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Looking back at now
If we can see the present clearly enough, we shall ask the right questions of the past.
This quote from John Berger comes into the picture at around the five-minute mark. It cleanly highlights the duality of the film's opening sequence: First, Black and white historical footage, accompanied by a voiceover of director Natalia Almada’s grandmother, Alicia Calles. This voiceover contains recollections, via tape recordings from the 70s, of her father: President Calles. (This makes President Calles the great-grandfather of Almada.) Second, the opening sequence introduces us to various contemporary working-class Mexicans in Mexico City as they go about their days.
El General (2009) is, on the surface, about the life of Mexican President Plutarco Elias Calles. Calles assumed the presidency in 1924, and the effects of his leadership on present-day Mexico are explored in ways we expect and ways we don’t expect.
One of the ways in which the film wasn’t surprising: I expected a thoughtful rumination on the presidency of Calles, and the documentary delivered on this front. Like many Americans, my history of early 20th-century Mexico is a bit rusty. (So many assasinations. Guess how many assassinations occurred in the first half of the 20th century in Mexico. It’s probably more than whatever number you're thinking.) You’d be mistaken if you thought a documentary using the recordings of the filmmaker’s grandmother was a product of low-hanging fruit. There is a brilliance in how Grandma Calles’ ruminations are mapped to today. In one scene, she describes the adulation and the servility of the men who surround a leader and how that lack of exposure to the truth is dangerous to society. Almada relentlessly finds the best possible framing for her grandmother’s thoughts, creating a portrait of a country in flux, outside of time. The period is never the problem. Concentrated power is the problem. Incredibly, Almada made this film in 2008. Maybe the writing was on the wall.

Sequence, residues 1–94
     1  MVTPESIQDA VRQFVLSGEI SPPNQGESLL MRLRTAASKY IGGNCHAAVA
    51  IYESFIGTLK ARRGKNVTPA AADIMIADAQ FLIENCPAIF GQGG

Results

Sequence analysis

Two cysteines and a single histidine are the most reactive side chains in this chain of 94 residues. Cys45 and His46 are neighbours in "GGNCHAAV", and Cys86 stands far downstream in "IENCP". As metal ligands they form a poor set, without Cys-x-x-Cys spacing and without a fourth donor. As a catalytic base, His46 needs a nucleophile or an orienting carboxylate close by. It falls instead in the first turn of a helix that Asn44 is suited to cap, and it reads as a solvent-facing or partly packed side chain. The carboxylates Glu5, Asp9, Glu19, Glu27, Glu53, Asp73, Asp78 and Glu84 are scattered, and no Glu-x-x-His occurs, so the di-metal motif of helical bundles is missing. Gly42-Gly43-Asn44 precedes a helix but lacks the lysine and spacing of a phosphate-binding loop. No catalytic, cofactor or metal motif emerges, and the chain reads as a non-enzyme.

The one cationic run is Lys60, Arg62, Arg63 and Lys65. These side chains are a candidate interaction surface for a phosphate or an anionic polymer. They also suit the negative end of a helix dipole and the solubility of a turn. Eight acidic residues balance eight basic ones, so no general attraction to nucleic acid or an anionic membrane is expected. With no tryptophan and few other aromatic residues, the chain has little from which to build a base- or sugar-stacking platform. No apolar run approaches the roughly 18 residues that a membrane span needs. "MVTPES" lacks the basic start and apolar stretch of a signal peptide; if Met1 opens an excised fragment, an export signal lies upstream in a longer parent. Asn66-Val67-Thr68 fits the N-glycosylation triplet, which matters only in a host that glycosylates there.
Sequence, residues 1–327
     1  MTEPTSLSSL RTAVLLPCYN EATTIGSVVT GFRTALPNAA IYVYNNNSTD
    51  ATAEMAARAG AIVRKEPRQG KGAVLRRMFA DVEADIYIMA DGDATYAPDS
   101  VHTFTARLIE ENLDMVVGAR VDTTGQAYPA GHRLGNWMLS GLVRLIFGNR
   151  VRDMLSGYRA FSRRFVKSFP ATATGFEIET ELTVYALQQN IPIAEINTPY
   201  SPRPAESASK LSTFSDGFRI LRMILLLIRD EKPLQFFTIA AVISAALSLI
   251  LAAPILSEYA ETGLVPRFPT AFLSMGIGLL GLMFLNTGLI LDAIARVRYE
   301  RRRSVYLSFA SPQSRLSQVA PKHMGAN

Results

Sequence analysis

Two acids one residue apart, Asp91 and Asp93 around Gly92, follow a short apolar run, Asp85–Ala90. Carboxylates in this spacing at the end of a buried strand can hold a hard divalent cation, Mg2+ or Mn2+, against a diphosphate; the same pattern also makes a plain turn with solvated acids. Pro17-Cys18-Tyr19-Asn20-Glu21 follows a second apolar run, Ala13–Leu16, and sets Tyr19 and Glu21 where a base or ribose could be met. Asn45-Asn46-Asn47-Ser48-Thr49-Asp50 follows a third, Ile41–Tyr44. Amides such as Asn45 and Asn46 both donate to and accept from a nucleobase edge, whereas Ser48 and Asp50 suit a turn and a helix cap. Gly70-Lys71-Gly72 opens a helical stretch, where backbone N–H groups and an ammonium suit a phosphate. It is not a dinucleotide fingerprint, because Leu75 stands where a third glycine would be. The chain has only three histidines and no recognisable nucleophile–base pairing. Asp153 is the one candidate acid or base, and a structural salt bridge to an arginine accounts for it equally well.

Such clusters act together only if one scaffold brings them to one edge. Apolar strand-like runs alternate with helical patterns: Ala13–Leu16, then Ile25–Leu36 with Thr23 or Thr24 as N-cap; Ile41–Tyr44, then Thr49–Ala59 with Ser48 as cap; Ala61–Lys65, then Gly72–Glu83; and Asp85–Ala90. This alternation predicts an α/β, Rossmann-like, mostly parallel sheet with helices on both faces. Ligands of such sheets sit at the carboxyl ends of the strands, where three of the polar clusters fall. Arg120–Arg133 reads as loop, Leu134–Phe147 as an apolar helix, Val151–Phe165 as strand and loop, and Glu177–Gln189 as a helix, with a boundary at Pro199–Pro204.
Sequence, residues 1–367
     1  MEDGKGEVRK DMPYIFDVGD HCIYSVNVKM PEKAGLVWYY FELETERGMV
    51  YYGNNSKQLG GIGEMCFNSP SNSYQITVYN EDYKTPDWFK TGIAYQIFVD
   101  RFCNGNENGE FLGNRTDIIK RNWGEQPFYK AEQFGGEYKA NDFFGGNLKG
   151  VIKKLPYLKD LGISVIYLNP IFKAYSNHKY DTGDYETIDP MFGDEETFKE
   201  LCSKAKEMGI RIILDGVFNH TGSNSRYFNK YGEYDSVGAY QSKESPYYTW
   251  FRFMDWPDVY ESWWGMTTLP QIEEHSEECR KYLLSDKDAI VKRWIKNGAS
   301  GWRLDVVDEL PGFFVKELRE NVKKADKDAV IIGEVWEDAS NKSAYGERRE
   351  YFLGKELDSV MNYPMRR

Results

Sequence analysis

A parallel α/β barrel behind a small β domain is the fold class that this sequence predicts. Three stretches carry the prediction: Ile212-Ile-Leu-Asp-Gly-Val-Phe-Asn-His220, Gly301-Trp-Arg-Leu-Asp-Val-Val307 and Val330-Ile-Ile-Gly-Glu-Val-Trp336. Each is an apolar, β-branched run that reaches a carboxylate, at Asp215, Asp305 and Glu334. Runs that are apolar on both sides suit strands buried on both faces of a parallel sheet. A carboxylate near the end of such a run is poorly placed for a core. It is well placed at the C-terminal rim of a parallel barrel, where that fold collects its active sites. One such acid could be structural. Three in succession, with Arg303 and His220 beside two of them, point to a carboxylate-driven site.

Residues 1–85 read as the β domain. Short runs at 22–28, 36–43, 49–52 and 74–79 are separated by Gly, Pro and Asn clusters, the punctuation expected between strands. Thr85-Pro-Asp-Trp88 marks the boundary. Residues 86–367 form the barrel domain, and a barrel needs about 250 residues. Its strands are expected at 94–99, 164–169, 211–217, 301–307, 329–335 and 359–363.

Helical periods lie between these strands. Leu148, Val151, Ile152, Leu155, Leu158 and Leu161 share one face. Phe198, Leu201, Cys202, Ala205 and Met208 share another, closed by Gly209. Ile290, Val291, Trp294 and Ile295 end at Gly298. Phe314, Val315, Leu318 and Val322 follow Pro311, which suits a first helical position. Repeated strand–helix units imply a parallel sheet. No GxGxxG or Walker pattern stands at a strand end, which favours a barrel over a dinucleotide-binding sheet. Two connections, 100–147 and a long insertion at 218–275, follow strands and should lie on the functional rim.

Even Grandma Calles complaining about one of “Hearst’s papers” and how it reported on events of the time brings to mind similar complaints of today about any of Murdoch’s ventures. To be clear, I had to take much of what Alicia Calles had to say about her father in the opposite direction of what was meant not to feel like this was a loving portrait of a caudillo (strong-man). This, however, is the intention of the film’s thesis regarding the nature of history, retrospect, and time.
One of the ways in which this documentary surprised me was how it threaded art into the understanding of how history plays out. The paintings of Frida Kahlo or the films of Sergei Eisenstein and Elia Kazan are incorporated seamlessly into the film. At its best, art transmutes the enormity of a culture’s thoughts and feelings into something legible. It’s a magnifying glass that creates a hot burning spot out of broad sunlight. El General understands this, drawing even on Sans Soleil (1983) to ensure it gets its point across. Take, for example, one scene from Viva Zapata! (1952) which shows us a clip of Marlon Brando as Mexican Rancher Emiliano Zapata giving a stirring speech to the men around him. “You always look for leaders in strong men without faults? There aren’t any!” Jump cut to protestors marching in the streets shouting, “If Zapata were alive, he’d be on our side!”
The film opens with a quote from Berger, but shortly after this opening, we’re given perhaps a better quote from the director herself that sums up the thesis of a film in which a woman attempts to understand history via another woman’s attempt to understand history. It expresses how history can feel like an infinite game of telephone, left to the living to interpret and, hopefully, do good with. Or put better by Almada in the context of El General:
“I am left with the sound of the tape, which runs over the present.”
Written and Directed by Natalia Almada
Stray Thoughts from the Editor
And we’re back! Women’s History Month on Movie Night resumes this week, and if you missed the reason for the hiatus, our 1-year anniversary celebration last week, you can check it out here.
You could call this week’s recommendation a “deep cut,” though I suspect it will be more readily available in the future. In the meantime, you can rent it here. I mentioned above my surprise that this was made in 2008. Eerily portentous, sadly.